13. Some participants noted other relevant matters, including:
Formation of a Consortium to Restore Shattered Livelihood Communities on Tsunami-Devastated Nations (CONSRN) to facilitate the coordination of regional fisheries and aquaculture bodies and research institutions (COFI Report paragraph 39).
Consideration of a Strategy on Status and Trends of Fisheries by the Coordinating Working Party on Fishery Statistics (CWP), which had made a number of recommendations to support its implementation through RFBs (COFI Report paragraph 17).
A request that RFMOs implement guidelines for sea turtle mortality (COFI Report paragraph 99).
COFI guidelines on ecolabelling will have an impact on RFB work in future years, but are unlikely to have an immediate impact (COFI Report paragraphs 64 to 67).
14. The meeting recognized that there are a number of perceived common deficiencies in fisheries governance at a global level, for example in areas relating to overcapacity, IUU fishing, catch allocation and the behaviour of non-contracting parties. There is a strong indication from COFI and a number of external organizations that RFMOs may require capacity building to deal with such issues, so there is a need for some form of review. Such a review could look at those issues in the context of applicable regional and global instruments like the United Nations Convention on the Law of the Sea, the Code of Conduct for Responsible Fisheries and various IPOAs. These would set the standard for any review. The Meeting underlined that consistency and common standards should be employed in relation to the information provided and terminology used.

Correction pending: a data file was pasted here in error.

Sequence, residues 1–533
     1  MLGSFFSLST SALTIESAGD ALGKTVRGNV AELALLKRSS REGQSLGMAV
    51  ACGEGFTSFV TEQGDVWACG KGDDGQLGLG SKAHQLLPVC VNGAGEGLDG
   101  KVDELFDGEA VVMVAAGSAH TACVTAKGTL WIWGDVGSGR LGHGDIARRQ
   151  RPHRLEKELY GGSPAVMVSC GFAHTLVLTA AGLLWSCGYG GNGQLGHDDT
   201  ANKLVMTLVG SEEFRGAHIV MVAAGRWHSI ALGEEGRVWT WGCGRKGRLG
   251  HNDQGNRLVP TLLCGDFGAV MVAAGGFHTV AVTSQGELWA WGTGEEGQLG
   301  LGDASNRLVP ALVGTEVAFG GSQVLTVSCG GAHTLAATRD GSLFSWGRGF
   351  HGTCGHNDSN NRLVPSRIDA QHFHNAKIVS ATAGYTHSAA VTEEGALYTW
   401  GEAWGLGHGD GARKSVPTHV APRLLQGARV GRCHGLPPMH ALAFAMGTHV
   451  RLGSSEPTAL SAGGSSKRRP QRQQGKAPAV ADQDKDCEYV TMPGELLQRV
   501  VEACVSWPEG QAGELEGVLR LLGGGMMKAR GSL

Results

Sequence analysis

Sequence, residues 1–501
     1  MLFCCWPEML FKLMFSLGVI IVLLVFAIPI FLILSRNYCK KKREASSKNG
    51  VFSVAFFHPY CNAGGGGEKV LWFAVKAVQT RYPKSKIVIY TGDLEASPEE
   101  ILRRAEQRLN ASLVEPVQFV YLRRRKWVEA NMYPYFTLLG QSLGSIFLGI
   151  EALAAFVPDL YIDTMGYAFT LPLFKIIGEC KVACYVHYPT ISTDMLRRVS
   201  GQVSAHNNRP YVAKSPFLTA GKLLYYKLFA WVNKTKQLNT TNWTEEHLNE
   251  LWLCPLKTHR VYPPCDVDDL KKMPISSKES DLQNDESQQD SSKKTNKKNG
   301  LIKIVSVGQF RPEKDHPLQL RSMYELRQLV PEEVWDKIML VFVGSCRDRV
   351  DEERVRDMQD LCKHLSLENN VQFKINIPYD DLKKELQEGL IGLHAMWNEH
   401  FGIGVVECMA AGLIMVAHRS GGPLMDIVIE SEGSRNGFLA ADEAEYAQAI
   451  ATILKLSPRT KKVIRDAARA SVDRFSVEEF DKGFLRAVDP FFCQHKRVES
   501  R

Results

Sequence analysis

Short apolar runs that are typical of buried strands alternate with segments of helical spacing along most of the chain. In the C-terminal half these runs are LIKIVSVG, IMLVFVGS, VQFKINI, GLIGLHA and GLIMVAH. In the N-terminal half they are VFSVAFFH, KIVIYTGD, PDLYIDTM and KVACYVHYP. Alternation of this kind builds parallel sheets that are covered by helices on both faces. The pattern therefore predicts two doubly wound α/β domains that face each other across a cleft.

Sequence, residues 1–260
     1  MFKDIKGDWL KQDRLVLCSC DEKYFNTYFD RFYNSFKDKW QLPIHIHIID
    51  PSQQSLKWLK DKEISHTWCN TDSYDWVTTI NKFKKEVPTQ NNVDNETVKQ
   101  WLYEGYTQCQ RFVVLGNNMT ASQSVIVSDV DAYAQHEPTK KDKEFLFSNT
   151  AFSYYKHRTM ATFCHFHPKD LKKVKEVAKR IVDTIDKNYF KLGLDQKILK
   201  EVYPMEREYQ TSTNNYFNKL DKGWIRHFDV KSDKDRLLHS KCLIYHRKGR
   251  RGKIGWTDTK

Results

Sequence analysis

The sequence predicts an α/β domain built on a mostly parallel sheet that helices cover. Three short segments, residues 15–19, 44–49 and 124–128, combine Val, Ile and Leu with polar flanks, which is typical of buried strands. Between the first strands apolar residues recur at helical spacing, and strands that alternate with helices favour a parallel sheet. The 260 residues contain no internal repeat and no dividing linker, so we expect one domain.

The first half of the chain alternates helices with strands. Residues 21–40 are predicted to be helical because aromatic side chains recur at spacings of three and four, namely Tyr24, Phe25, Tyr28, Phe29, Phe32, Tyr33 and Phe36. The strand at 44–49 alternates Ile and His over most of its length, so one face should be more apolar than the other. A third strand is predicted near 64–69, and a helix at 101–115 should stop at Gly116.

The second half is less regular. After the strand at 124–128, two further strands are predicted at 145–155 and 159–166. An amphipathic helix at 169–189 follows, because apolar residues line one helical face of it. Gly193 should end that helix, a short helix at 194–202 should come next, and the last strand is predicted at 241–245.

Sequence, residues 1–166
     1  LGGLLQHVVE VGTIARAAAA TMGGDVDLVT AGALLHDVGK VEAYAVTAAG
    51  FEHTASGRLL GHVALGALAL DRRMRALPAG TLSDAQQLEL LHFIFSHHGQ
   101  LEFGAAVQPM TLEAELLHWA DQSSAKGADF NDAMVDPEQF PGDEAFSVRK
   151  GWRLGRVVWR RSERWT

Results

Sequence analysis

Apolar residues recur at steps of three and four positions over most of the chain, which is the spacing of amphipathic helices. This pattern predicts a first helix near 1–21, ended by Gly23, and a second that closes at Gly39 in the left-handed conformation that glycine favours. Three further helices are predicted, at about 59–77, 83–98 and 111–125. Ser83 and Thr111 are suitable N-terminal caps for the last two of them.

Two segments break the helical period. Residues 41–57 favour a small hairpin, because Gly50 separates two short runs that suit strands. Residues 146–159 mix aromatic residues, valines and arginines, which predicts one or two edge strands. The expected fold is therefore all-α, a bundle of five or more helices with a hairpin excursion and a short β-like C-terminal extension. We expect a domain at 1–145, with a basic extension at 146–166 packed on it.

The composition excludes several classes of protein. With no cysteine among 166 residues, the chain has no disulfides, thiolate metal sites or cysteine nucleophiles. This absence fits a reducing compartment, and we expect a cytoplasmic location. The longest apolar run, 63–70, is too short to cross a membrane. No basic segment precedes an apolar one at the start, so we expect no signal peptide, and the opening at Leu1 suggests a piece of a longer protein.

15. In further discussion on COFI's proposed review of RFMOs, participants considered that the diversities of RFMOs need to be recognized, and it was accepted that some are better equipped to deal with relevant issues (e.g. IUU fishing) than others. The review could aim to better inform the international community how it can work with RFMOs to help improve their mandate and strengthen their effectiveness. It was appreciated that the proposed review is in very early stages, and the parameters of how, why and who will be involved with the review process are not entirely clear. Some participants expressed the view that the review should be independent, but should not be an efficiency assessment of secretariats.
16. The Meeting noted that there was no reservation restricting the application of the proposed review process to any specific organizations, making it applicable to the organizations as a whole. As well, it does not restrict the fact that individual members should work through RFMOs. The Meeting acknowledged that there was no further information available at this time and participants agreed to maintain a watching brief on the matter.
17. Finally, it was noted that RFBs have been overwhelmed in recent years with requests for information. The Meeting agreed that there should be some attempt to coordinate requests within the UN system. Therefore, organizations within the UN system were requested to coordinate processes of updating information. Some RFBs with no management mandate expressed the need for flexibility in questionnaires, so that RFBs could contribute accordingly.